Permission Granted to Transform Disused Reservoir into Modern Eco-Home

A Sussex design and planning consultant and his clients are ecstatic after receiving planning permission to convert a disused reservoir site in Maresfield into a post-modern home.

Hailsham-based Glenn Moore of Glenn Moore Associates is well known for his sustainable, eye-catching designs and his ability to deal with difficult planning issues.

The former reservoir is located in Straight Half Mile in Maresfield and provided the site’s owners with a once-in-a-lifetime opportunity to use previously developed land to build a sustainable family home that makes an architectural statement while respecting the site’s industrial origins and setting.

“I took the opportunity to turn a boring concrete-lined hole in the ground into an architectural form that tests boundaries in domestic architecture, provides a focal point, and encourages architectural debate,” Moore explains.

“The technical design adheres to Passiv Haus guidelines.” The architectural design ethic is influenced by the Modernist architectural movement and pays homage to Art Deco and Bauhaus styles. The result is an overtly modern interpretation of these influences in the twenty-first century while retaining the agro/industrial links to the past.

“My design is not for everyone, but it has already received glowing support from Wealden District Council officers, has made my clients happy, and is gaining traction on social media.”

The roof is a geometric interpretation of the low rolling hills associated with the lower Sussex Weald, made of standing seam profiled zinc and glass. The walls are made of ‘Viroc,’ which is a compressed mixture of pinewood and cement that adds visual interest to the wall cladding. The frames for the windows and doors will be dark grey aluminium, and the glazing will be triple-glazed, argon-filled low E units.

The interior is made up of a mix of traditional plasterboard and natural wood, stone, and ceramics. ‘ECT’ stretch ceilings and wall partitions will be used as well. Flooring options include wood, stone, and ceramics.

Sustainable systems such as a ground source heat pump, mechanical heat recovery and ventilation system, wet underfloor heating, rainwater harvesting, high levels of insulation, and 100 percent LED lighting will be installed in the home. The home’s design incorporates sustainable construction techniques and is efficient in its use of energy and water resources, resulting in a low-carbon home.

The lower floor will retain the existing 60cm thick reinforced concrete walls, while the upper floor will be built with 150mm x 47mm stud framed walls.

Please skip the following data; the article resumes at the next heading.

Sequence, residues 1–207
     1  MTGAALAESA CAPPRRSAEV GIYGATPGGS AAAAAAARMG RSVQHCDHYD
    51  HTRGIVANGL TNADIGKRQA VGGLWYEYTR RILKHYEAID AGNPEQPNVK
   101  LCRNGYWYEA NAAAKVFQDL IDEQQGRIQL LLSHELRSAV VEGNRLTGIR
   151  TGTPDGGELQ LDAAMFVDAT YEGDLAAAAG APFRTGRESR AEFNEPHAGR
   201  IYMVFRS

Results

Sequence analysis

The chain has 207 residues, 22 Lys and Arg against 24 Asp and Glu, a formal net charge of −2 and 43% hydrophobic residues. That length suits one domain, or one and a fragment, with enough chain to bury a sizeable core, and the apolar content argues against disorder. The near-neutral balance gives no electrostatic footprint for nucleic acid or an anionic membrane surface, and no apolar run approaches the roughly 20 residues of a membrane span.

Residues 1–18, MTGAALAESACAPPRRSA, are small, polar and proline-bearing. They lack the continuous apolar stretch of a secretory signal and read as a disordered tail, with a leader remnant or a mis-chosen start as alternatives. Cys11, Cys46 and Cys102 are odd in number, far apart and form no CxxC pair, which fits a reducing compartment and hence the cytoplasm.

Moore explains, “The Government encourages the re-use of redundant or disused buildings, as well as outstanding or innovative architecture that contributes to raising design standards in rural areas more broadly.” Good design is an important aspect of sustainable development; it is inextricably linked to good planning and should help to improve people’s lives.”

A reservoir, pump house, water tank, access stairs, ramps, and an access road are all part of the site. Because of its previous use, council officers agreed with Glenn Moore that the site should be considered brownfield land and that a new dwelling should be permitted because it would re-use a redundant structure and improve the immediate setting.

“I thought we’d have to go with a more traditional brick and tile building,” client Claudia Rich explained, “but Glenn was determined to stick to his guns and get permission for the design we wanted.” I am beyond thrilled and ecstatic.

“Due to personal circumstances, I have very specific needs, and Glenn managed to incorporate all of these into the design – he is absolutely amazing.” Even my 92-year-old mother adores the design. I especially like the variously shaped windows and the roof. We can’t wait to get started.”

The proposed dwelling is built on the same footprint as the former reservoir buildings, and the remainder of the site will be developed into residential curtilage while remaining open and ‘green’ in character.

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The lower floor of the proposed dwelling will be set into the ground, taking advantage of the reservoir structure’s depth while remaining low-profile. A single-story shallow-pitched-roof structure will be built above the existing reservoir to allow for the incorporation of in-law accommodation, garaging, and storage into a single unified structure. This ensures that the new dwelling’s height does not stand out in the landscape.

Last Updated on December 30, 2021

Indra-Gupta

Author: Indra Gupta

Indra is an in-house writer with a love of Newcastle United and all things sustainable.

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